The Wii also makes Okami a little prettier, displaying it in proper widescreen in 480p. Were this any other game in the entire world, I'd be struggling to even pretend to care, but because Okami is such a visual game, it really makes a difference. On a large telly, the PS2 version's colours all ran together a bit - on the Wii, things are that bit sharper and more impressive, and it still retains all the charm of the ink-on-paper watercolour style that makes it so striking.
The danger with Okami is that people will be so busy looking at how pretty it is, they'll fail to appreciate just how brilliant it is underneath as well. Okami is an astounding videogame. Its world is living and organic, infused with ideas of mythology and natural beauty and influenced by several areas of the Japanese aesthetic, from sumi-e to architecture to religious and ritual tradition, as well as by other games as diverse as Zelda and Devil May Cry. It might echo Zelda in its structure - though its execution is entirely its own - but Okami also alludes to other Capcom classics in its sense of style; the incredible boss fights and accompanying cut-scenes call Viewtiful Joe and even Devil May Cry to mind.
The Wii controls are not, disappointingly, as well-integrated in combat as they are for the Celestial Brush. Attacks are executed with a sharp flick of the wrist, but must be timed quite precisely in order to perform a combo - waving the remote back and forth just doesn't work, and, though it's good in a way that you can't just flail your way arbitrarily through combat, the attack timing for some of the weapons (the Tsumugari in particular) is a bit finicky, and the game is occasionally picky about recognising your gestures. It works, but it's awkward until you figure out the timing.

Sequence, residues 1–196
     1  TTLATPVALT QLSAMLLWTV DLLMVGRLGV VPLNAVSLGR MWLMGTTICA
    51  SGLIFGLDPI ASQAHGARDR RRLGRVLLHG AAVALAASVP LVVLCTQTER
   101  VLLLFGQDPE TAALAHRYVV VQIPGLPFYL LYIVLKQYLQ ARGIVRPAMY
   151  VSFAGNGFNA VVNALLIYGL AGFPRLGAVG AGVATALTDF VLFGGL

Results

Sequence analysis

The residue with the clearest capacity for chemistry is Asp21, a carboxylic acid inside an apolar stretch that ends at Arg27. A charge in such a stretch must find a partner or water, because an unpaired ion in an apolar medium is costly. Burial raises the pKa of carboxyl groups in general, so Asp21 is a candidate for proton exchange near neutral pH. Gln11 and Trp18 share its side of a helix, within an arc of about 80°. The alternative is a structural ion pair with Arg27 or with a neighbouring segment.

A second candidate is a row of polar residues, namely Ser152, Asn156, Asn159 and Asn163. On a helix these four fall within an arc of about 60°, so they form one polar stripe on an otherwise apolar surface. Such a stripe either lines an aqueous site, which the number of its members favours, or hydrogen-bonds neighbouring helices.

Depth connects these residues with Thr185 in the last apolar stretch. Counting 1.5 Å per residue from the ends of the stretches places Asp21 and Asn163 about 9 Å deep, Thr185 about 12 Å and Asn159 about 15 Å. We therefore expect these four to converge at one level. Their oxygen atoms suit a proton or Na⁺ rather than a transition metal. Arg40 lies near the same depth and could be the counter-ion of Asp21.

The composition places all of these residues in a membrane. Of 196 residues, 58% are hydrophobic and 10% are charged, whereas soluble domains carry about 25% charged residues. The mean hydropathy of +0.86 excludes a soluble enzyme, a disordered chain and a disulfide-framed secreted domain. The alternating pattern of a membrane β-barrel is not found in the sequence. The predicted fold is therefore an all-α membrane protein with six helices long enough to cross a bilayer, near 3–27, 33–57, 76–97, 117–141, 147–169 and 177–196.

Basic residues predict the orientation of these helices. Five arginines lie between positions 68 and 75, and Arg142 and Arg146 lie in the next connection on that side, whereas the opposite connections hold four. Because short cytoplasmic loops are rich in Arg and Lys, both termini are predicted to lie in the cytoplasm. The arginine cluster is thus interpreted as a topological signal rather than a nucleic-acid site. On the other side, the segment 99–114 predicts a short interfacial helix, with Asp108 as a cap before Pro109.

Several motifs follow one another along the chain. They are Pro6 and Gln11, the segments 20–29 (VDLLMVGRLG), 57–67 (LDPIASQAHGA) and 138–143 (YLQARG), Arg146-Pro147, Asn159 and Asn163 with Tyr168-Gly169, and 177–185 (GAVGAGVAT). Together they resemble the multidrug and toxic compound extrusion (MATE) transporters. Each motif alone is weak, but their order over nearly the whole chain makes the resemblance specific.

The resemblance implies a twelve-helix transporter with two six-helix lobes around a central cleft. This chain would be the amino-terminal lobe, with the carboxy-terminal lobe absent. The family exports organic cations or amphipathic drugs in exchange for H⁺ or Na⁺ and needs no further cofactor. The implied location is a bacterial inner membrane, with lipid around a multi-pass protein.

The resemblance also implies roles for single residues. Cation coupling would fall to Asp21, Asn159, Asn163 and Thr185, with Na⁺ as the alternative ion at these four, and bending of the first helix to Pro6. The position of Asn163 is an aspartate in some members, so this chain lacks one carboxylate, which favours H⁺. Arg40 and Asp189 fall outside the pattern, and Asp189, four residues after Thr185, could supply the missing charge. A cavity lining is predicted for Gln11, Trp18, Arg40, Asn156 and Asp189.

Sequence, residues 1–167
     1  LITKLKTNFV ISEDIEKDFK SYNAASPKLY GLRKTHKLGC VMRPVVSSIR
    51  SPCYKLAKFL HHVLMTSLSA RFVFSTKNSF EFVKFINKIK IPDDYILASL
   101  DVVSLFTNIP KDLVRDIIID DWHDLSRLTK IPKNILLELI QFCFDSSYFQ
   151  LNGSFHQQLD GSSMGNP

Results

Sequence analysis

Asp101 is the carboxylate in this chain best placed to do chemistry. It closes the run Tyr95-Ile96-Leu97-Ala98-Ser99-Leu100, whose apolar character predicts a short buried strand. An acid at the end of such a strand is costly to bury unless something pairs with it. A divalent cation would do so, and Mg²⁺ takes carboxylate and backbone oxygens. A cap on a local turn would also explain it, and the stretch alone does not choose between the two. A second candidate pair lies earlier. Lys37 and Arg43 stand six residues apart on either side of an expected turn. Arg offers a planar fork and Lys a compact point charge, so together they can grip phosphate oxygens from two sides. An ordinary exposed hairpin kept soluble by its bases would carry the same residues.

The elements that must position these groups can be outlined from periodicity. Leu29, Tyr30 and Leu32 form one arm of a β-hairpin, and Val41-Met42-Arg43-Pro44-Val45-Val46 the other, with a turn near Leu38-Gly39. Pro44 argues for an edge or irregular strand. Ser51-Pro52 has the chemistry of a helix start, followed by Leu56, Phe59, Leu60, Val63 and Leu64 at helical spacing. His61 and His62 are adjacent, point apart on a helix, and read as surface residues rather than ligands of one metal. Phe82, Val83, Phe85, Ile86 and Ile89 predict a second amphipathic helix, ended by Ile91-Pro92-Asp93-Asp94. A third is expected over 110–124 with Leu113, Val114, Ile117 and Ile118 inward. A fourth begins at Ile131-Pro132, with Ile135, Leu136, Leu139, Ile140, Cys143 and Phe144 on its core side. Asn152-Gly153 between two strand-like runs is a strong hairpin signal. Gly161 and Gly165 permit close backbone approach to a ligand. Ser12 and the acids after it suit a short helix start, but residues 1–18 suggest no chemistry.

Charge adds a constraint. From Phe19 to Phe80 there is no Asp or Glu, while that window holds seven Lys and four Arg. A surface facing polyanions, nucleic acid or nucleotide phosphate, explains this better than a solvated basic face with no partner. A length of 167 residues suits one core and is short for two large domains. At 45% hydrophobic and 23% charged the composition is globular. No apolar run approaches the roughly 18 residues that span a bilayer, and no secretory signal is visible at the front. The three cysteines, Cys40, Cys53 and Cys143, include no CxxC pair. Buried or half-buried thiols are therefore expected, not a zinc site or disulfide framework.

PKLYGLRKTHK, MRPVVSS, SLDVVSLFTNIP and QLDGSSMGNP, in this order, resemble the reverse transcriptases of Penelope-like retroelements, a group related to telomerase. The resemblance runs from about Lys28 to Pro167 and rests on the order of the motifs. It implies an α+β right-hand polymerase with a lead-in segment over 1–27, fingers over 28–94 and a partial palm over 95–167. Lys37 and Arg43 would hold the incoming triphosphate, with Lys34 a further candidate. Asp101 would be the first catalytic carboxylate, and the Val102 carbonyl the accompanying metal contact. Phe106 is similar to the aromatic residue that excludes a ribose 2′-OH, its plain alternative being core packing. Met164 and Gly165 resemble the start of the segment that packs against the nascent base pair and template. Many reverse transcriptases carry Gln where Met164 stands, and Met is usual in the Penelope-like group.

Thankfully this is nothing game-breaking. Combat was never the salient element of Okami, and because fights are never particularly difficult, these minor control issues never cause unnecessary death or any genuine frustration. Overall, Okami benefits far more from the Celestial Brush control and considerable visual improvement that the Wii affords it than it suffers from slightly worsened combat. The game may not be the Wii's own, but Okami benefits greatly from the visual and control improvements that Ready at Dawn has made, and hopefully, this re-release will give it a second chance to reach the audience that it deserves. Okami should not be a little-known classic. It is an item of culture, informed by thousands of years of Japanese art and mythology and fashioned into perhaps the most thoroughly beautiful thing that gaming has to offer.
During the eighteen months since Okami's original release, nothing else has turned up that makes us admire it any less - not even Nintendo's own Twilight Princess comes close to the astonishing cohesion of form and content, style and substance, that makes Okami so extraordinary. It's as well-designed as Zelda, as involving as Final Fantasy, and as beautiful as anything you've ever seen; it belongs with the best of the Zelda series at the very apex of its genre.
10 / 10
Okami is due out on Wii in Europe on 13th June.